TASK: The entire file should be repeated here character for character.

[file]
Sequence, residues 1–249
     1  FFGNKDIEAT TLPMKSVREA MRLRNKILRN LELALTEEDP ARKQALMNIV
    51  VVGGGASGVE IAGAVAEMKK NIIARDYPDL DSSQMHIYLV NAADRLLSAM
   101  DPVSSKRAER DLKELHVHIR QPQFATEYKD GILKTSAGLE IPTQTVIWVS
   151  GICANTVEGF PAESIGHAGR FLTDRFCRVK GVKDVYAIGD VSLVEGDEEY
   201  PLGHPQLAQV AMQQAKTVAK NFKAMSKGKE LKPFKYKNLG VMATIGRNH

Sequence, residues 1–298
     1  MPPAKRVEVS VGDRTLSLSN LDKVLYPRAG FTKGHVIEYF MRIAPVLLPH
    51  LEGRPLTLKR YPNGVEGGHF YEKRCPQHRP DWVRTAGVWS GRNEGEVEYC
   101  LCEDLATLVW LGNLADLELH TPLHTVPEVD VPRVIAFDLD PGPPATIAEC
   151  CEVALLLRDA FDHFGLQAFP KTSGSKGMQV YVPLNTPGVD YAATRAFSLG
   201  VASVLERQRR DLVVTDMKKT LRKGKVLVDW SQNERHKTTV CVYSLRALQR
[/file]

Sequence, residues 1–249
     1  FFGNKDIEAT TLPMKSVREA MRLRNKILRN LELALTEEDP ARKQALMNIV
    51  VVGGGASGVE IAGAVAEMKK NIIARDYPDL DSSQMHIYLV NAADRLLSAM
   101  DPVSSKRAER DLKELHVHIR QPQFATEYKD GILKTSAGLE IPTQTVIWVS
   151  GICANTVEGF PAESIGHAGR FLTDRFCRVK GVKDVYAIGD VSLVEGDEEY
   201  PLGHPQLAQV AMQQAKTVAK NFKAMSKGKE LKPFKYKNLG VMATIGRNH

Sequence, residues 1–298
     1  MPPAKRVEVS VGDRTLSLSN LDKVLYPRAG FTKGHVIEYF MRIAPVLLPH
    51  LEGRPLTLKR YPNGVEGGHF YEKRCPQHRP DWVRTAGVWS GRNEGEVEYC
   101  LCEDLATLVW LGNLADLELH TPLHTVPEVD VPRVIAFDLD PGPPATIAEC
   151  CEVALLLRDA FDHFGLQAFP KTSGSKGMQV YVPLNTPGVD YAATRAFSLG
   201  VASVLERQRR DLVVTDMKKT LRKGKVLVDW SQNERHKTTV CVYSLRALQR